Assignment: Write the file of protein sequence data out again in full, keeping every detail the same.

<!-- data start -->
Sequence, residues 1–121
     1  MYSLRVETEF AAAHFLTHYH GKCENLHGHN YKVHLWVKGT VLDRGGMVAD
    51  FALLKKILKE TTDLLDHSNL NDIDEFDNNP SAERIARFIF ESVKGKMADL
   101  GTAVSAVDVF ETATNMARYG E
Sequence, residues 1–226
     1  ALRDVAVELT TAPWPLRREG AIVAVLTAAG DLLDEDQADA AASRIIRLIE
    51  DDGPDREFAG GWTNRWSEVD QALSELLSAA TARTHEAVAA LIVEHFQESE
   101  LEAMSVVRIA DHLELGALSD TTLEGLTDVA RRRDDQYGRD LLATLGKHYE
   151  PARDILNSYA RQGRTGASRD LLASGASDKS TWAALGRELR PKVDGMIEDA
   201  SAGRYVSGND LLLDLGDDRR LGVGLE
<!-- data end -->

Sequence, residues 1–121
     1  MYSLRVETEF AAAHFLTHYH GKCENLHGHN YKVHLWVKGT VLDRGGMVAD
    51  FALLKKILKE TTDLLDHSNL NDIDEFDNNP SAERIARFIF ESVKGKMADL
   101  GTAVSAVDVF ETATNMARYG E
Sequence, residues 1–226
     1  ALRDVAVELT TAPWPLRREG AIVAVLTAAG DLLDEDQADA AASRIIRLIE
    51  DDGPDREFAG GWTNRWSEVD QALSELLSAA TARTHEAVAA LIVEHFQESE
   101  LEAMSVVRIA DHLELGALSD TTLEGLTDVA RRRDDQYGRD LLATLGKHYE
   151  PARDILNSYA RQGRTGASRD LLASGASDKS TWAALGRELR PKVDGMIEDA
   201  SAGRYVSGND LLLDLGDDRR LGVGLE